U.S. Intellectual History Blog

Most helpful thing I got out of THATCamp

I have been wanting to visualize the network of African American intellectuals and activists that I work on for a long time. This is for several reasons. One, it would be nice to have pretty maps in my future book. Two, I would like a computer to find patterns that I may have missed. Three, I would like a computer to keep track of everybody so that I don’t let important connections slip in my mind. Unfortunately, though, the heart of this is a detailed database. This is unfortunate because it is something I should have been keeping since the beginning of my research. It is a bit daunting to think about going back through the hundred or so people that populated my dissertation and create a rich database. The next problem is figuring out what columns to use in the database, particularly since one of the primary things I want it to do is track relationships. To me, relationships are not something you can describe in one, reusable word like “strong” or “weak.” For example, A small sub-theme of my work is the relationship between black intellectuals and their white graduate school mentors and classmates. Each relationship was marked by certain strains inherent in cross-racial interactions, but each relationship was also unique in the ways that it worked or did not work.

At any rate, something to share and a question to ask:

The most important thing I learned at THATCamp, for me, is that there is a software that does just what I want (well, I’m not sure if it can be overlayed on a map, but there is also other software that can place my network’s physical locations on a historical map). Gephi is “an interactive visualization and exploration platform for all kinds of networks and complex systems, dynamic and hierarchical graphs.”

The question–have you seen network visualization put to good intellectual use? Beyond pretty pictures? Did an author find something by quantifying their data that they would not have found by relying only on their brain to draw patterns?

(Images courtesy of  Creative Applications Network).

One Thought on this Post

  1. Hi Lauren,

    I was at the visualization session with you and enjoyed learning a bit about your project. Great stuff.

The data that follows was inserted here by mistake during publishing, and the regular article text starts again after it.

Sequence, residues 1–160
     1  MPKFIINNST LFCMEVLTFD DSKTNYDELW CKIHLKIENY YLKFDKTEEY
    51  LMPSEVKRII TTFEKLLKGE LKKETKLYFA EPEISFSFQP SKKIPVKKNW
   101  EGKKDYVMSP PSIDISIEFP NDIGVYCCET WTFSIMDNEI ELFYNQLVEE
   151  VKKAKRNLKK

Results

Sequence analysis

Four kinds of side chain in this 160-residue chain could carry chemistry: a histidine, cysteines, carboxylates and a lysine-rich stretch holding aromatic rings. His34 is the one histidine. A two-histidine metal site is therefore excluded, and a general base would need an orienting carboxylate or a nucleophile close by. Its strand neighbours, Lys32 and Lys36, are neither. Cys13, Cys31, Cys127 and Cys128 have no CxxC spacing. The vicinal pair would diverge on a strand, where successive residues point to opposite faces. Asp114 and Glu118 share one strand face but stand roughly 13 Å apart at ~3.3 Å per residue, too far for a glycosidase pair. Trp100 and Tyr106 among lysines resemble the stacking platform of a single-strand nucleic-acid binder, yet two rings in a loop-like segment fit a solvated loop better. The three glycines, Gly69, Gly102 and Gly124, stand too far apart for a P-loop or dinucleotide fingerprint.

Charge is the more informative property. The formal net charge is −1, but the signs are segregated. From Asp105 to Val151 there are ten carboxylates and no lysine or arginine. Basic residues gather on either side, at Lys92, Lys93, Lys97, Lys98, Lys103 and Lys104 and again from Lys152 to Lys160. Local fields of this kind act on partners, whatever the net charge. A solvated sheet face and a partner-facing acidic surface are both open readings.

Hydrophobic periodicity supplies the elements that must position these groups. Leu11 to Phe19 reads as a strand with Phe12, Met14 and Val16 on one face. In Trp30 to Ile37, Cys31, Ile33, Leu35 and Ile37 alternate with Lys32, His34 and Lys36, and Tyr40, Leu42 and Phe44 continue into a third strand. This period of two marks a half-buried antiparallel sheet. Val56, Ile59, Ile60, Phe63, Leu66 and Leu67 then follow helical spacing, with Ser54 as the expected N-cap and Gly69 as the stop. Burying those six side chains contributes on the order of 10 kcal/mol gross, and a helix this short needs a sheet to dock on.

There are a few mapping oriented projects I’ve seen (DHers more expert than me will be able to point to even more). The most intriguing one for intellectual history, I think, is the Mapping the Republic of Letters. Nice video about the project here: http://www.michaeljkramer.net/issuesindigitalhistory/blog/?p=182. I would be curious what European intellectual historians think of this. My big question is this: does it reveal something new–Voltaire was in love with the idea of England, but had very few actual correspondents in England–or does it simply dramatize and visualize something we already knew. New or knew? In other words, is this an example of applying a digital tool to evidence in order to reveal new patterns or the equally worthy task of communicating what we already know in a more striking way?

    Your comments do point to something that we need to incorporate right away into graduate training, which is the question of “data” management (I prefer the term “evidence” management, but I guess data will have to do in the digital epoch). From the start of a research project, historians-in-training will need to think critically and smartly about how they plan to store the evidence they are gathering (and the ideas they are generating) in digital form. It’s never too late to go back, but better to educate our students (and ourselves) early on in conceptualizing something like a database of our research. Zotero, Endnote, Excel, etc… The visualization software all rides upon the smart organization of the database.

    As Jean Bauer (http://jeanbauer.com/) rightly points out, all databases involve normative claims as one tags and organizes the material. This question of normativity will be a topic worthy of continued study: what kinds of qualitative, interpretative information inevitably slips through the bars of the database cell? How do we continually tweak a database of evidence and interpretation in pursuit of historical argument at that register of knowledge? These are going to be fun and intriguing questions to explore in the coming years.

    I really look forward to seeing your maps…but most of all the arguments you generate out of your material using your maps!


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